Zephyr Teachout is a Professor of Law at Fordham University.  An immensely talented and creative scholar, Professor Teachout brings a rich background in laws governing political behavior, both domestically and abroad, as well as the insights of her original work on corruption and its constitutional history.

Teachout is the former National Director for the Sunlight Foundation, and was the Director of Internet Organizing for Howard Dean's Presidential campaign. Most recently she ran against Andrew Cuomo for the 2014 Democratic Party nomination for Governor of New York. Teachout is a political consultant for nonprofits, political campaigns, and citizen journalism.  She is the author of Corruption in America: From Benjamin Franklin's Snuff Box to Citizens United.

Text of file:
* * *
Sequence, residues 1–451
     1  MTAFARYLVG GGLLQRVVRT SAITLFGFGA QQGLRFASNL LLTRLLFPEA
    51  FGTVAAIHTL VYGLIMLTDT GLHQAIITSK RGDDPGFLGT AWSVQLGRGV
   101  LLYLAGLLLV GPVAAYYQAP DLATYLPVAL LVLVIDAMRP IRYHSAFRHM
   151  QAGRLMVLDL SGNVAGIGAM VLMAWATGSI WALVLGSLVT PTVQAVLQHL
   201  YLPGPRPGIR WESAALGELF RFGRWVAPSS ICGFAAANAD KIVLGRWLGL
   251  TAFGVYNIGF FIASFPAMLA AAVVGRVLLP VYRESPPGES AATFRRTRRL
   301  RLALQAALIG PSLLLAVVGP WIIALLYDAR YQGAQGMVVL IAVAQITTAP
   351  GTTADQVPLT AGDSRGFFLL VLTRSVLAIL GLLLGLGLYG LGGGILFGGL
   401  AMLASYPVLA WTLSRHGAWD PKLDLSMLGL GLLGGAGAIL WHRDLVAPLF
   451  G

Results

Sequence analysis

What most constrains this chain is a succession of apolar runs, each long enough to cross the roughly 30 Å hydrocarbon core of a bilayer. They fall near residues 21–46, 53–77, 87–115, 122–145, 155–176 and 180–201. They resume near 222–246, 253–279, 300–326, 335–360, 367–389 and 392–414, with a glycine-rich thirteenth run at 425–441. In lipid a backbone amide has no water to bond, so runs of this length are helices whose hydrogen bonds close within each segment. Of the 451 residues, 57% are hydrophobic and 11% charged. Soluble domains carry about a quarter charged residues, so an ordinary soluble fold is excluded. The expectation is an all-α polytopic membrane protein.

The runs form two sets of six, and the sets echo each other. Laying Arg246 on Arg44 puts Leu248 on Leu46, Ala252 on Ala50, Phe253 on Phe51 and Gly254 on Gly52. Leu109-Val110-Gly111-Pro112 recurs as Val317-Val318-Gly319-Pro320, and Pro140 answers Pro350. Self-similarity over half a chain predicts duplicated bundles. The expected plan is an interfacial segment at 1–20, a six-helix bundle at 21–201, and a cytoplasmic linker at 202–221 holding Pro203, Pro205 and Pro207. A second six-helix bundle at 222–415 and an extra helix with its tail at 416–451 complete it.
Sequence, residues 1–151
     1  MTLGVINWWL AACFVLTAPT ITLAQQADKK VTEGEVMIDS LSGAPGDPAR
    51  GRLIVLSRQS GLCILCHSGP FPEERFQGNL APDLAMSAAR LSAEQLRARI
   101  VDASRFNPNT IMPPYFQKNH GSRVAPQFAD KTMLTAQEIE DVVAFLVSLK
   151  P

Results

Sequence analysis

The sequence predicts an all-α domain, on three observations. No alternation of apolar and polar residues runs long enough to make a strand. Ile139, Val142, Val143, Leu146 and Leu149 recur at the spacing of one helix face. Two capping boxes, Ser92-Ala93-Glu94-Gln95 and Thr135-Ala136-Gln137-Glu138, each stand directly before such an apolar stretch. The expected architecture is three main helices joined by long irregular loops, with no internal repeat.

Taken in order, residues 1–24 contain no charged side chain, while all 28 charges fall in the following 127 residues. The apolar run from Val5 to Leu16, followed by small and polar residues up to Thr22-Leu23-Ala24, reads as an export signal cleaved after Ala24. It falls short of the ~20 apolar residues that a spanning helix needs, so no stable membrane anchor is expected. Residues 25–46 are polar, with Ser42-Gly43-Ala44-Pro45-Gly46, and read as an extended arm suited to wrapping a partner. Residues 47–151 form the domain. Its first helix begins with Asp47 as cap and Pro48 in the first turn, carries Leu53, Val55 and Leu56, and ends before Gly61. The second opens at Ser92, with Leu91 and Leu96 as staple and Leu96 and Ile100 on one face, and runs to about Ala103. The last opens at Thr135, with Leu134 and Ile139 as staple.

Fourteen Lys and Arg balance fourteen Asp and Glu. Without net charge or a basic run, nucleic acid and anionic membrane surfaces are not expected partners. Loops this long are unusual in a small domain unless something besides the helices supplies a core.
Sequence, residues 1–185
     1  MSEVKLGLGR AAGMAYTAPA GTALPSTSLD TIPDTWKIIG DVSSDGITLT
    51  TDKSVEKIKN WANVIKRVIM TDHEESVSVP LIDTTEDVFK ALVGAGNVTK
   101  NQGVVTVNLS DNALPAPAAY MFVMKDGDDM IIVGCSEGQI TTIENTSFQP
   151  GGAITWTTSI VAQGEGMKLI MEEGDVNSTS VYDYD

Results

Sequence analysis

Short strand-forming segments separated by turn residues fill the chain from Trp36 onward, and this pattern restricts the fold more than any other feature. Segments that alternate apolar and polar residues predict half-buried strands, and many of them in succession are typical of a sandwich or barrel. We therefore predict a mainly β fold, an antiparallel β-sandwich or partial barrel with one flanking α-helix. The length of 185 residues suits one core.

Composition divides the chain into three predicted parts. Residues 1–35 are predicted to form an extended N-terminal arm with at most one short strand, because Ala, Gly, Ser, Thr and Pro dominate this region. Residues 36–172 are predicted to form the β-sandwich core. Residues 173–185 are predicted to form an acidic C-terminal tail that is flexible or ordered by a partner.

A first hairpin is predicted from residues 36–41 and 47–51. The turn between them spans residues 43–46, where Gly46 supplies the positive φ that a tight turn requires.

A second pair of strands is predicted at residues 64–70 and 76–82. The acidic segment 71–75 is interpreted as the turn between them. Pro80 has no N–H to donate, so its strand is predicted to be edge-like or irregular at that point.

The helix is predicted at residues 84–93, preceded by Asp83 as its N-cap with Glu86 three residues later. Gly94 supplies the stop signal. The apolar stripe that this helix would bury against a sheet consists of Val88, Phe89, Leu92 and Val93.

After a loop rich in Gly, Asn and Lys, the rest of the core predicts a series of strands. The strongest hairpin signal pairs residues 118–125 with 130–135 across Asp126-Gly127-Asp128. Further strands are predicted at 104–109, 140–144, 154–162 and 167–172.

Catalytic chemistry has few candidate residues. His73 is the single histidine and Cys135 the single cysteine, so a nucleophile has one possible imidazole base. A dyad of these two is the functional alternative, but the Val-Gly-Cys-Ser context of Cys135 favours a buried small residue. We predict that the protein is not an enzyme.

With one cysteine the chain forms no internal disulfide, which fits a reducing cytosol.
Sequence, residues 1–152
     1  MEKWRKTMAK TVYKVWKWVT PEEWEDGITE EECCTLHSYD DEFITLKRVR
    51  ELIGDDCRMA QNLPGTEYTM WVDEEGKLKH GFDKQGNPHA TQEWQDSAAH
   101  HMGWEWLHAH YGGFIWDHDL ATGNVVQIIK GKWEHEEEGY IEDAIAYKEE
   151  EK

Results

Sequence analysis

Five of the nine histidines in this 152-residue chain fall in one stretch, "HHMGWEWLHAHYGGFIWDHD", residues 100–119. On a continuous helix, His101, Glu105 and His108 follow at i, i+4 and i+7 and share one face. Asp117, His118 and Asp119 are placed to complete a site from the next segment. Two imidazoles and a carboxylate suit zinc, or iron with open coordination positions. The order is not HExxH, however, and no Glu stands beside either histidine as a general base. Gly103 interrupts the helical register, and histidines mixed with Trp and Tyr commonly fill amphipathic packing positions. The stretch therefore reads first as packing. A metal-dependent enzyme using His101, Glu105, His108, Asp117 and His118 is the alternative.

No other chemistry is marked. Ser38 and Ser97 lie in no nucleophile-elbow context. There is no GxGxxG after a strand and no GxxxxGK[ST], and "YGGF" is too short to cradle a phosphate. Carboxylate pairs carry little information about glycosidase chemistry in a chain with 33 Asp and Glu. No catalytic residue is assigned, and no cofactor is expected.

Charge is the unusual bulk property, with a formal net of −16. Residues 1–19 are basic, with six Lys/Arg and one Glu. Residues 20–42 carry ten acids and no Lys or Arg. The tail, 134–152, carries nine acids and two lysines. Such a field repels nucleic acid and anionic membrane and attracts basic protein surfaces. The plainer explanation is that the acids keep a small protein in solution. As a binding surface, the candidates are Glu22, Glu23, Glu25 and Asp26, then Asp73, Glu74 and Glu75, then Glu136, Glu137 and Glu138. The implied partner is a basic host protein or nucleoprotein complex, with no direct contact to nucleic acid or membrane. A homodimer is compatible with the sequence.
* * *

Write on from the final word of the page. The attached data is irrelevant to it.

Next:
This lecture is made possible through a generous gift from the Norman M. and Marsha Lee Berkman fund.

September 19, 2014
Joseph Carens
The Dispossessed: The Ethics of Refugee Policy

Joseph H. Carens, Ph.D., is Professor of Political Science at the University of Toronto. He is the author of Culture, Citizenship, and Community, which won the 2002 C. B. Macpherson Award, and quality, Moral Incentives and the Market.  In his latest book,The Ethics of Immigration, Carens illuminates one of the most pressing issues of our time. Immigration poses practical problems or western democracies and also challenges the ways in which people in democracies think about citizenship and belonging, about rights and responsibilities, and about freedom and equality. 

This lecture is made possible through a generous gift from the Norman M. and Marsha Lee Berkman fund.